In August 2011, the New York Times published “Stop Coddling the Rich,” an opinion piece by billionaire businessman Warren Buffett in which he noted that his tax rate — 17.4% — was significantly lower than the 36% tax rate his non-wealthy colleagues typically paid. Buffett’s call to reconsider the tax rate for Americans earning more than $1 million a year — or “the Buffett Rule” — is reflected in the American Jobs Act of 2011. Among its provisions is a proposal to impose a 5.6% surtax on millionaires to help ensure that these high earners pay a higher percentage of income tax rate than less affluent citizens. But detractors interpret the bill as “class warfare” that will result in anemic job growth and personal savings rates.
A 2011 report by the nonpartisan Congressional Research Service (CRS), “An Analysis of the ‘Buffett Rule’,” analyzes how taxable income is determined, the different tax rates paid by income, and how a surcharge on millionaires would affect job-creation and savings rates.
The report notes that this regressive dynamic in tax rates results from the following: “Higher-income taxpayers with low tax rates receive a very high proportion of the income from long-term capital gains and qualified dividends, which are taxed at low tax rates and not subject to payroll taxes. Lower-income taxpayers with relatively high tax rates receive most of their income from wages, which are subject to payroll taxes.” The tax rate on capital gains and dividends is typically 15%, and “almost 60% of all capital gains and dividends are received by taxpayers with income over $1 million.”
The report’s findings include:
- U.S. taxpayers with annual incomes less than $100,000 pay on average 35% of their income in taxes, while 65% of millionaires pay on average less than 30% of their income in taxes.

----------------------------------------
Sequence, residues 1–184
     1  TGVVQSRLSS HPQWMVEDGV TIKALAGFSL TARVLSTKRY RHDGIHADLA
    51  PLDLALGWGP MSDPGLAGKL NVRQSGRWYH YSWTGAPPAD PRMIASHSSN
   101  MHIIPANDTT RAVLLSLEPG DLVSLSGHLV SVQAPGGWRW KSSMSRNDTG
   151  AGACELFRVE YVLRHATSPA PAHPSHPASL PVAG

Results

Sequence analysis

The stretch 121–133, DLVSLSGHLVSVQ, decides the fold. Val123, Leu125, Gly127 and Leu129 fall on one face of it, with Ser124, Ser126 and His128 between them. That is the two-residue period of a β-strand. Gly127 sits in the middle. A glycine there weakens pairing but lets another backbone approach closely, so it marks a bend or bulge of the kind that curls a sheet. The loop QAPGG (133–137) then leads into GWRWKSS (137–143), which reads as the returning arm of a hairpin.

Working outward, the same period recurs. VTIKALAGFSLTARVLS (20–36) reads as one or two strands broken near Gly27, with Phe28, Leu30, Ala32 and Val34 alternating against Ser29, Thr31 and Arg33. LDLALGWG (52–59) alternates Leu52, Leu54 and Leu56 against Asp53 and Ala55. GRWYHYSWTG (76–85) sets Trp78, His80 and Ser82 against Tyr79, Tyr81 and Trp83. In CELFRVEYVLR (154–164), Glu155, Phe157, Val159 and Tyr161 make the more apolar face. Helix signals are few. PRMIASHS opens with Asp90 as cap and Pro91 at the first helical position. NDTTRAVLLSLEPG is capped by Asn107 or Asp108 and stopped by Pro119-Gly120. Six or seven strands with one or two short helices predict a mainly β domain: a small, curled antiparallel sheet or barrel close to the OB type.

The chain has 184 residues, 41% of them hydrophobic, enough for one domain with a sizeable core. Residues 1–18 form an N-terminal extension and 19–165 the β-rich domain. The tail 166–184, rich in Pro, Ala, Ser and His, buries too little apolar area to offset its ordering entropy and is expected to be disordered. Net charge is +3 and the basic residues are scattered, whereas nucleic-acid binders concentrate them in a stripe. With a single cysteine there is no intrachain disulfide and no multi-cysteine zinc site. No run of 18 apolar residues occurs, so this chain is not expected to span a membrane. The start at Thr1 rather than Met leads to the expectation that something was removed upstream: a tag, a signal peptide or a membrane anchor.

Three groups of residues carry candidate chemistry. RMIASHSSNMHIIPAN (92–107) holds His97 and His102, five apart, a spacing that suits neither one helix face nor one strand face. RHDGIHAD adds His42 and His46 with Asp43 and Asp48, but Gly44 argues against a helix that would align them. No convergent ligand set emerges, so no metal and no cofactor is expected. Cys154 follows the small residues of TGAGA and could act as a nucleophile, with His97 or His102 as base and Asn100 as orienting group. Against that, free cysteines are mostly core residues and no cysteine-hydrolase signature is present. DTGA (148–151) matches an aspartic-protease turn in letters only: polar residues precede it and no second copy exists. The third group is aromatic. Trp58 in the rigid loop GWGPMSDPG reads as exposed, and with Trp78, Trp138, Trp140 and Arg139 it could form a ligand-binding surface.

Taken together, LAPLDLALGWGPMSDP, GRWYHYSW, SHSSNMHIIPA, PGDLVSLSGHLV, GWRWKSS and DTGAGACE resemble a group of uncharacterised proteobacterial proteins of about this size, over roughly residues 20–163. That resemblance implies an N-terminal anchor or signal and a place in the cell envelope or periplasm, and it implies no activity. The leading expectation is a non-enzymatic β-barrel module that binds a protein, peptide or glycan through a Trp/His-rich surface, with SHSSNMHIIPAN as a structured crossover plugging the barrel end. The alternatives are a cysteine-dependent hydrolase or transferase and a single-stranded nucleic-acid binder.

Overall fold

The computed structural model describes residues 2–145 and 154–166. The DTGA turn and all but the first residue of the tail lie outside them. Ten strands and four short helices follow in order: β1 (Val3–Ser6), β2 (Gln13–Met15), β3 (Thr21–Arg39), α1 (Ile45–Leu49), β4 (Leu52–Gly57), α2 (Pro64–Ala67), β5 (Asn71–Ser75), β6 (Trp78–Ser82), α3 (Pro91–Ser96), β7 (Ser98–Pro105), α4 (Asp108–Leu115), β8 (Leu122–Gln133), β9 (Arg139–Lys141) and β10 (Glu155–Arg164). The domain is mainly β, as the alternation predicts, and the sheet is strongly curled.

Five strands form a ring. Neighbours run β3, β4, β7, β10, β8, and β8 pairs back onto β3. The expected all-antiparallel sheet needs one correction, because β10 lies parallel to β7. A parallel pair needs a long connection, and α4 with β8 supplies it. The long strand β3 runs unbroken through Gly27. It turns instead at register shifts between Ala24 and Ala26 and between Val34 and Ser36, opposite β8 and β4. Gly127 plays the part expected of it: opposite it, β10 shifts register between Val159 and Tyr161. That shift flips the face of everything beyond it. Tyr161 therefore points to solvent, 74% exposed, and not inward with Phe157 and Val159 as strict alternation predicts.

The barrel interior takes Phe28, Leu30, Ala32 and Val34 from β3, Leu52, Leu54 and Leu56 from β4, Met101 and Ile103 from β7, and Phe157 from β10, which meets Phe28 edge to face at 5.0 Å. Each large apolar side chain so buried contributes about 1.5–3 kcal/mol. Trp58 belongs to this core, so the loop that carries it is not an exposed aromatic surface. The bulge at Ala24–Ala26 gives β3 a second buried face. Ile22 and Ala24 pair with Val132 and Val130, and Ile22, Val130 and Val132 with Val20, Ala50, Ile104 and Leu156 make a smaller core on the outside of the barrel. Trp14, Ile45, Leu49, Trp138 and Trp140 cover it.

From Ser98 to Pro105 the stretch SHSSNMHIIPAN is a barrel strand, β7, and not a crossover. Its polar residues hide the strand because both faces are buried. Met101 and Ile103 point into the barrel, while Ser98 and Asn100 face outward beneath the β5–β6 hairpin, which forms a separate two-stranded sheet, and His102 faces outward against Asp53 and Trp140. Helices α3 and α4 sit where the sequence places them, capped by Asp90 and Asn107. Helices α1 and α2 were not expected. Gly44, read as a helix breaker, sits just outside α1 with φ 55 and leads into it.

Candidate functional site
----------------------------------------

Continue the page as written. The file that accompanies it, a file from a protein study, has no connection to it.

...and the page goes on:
- However, when examined using Adjusted Gross Income figures, “roughly one-quarter of all millionaires (about 94,500 taxpayers) face a tax rate that is lower than the tax rate faced by 10.4 million moderate-income taxpayers (10% of all moderate- income taxpayers).”
- Of the U.S. small businesses reporting income, 74% earn below $100,000 annually and 72% (many sole proprietors and business owners) also report income in addition to their own business; this means that “the small share of taxpayers with small business income in the millionaire category suggests that tax reform policies designed to ensure adherence to the Buffett Rule will affect few small businesses.”
- The report acknowledges that observers fear that increasing taxes on capital gains and dividends will ultimately reduce savings and investments. “Decreasing the rate of return can decrease households’ willingness to save … but at the same time, the decreased return may include households to save more to maintain their desired or target wealth level. Consequently, the effect of capital gains taxes on private saving is likely to be small.”
- Moreover, “saving rates have fallen over the past 30 years while the capital gains tax rate has fallen from 28% in 1987 to 15% today (0% for taxpayers in the 10% and 15% tax brackets). This suggests that changing capital gains tax rates have had little effect on private saving.”
The report concludes: “The results of this analysis show that the current U.S. tax system violates the Buffett rule in that a large proportion of millionaires pay a smaller percentage of their income in taxes than a significant proportion of moderate-income taxpayers.” In response to the idea of letting the Bush era tax cuts expire, the researchers conclude that such “reforms are unlikely to affect many small businesses or to deter saving and investment.”
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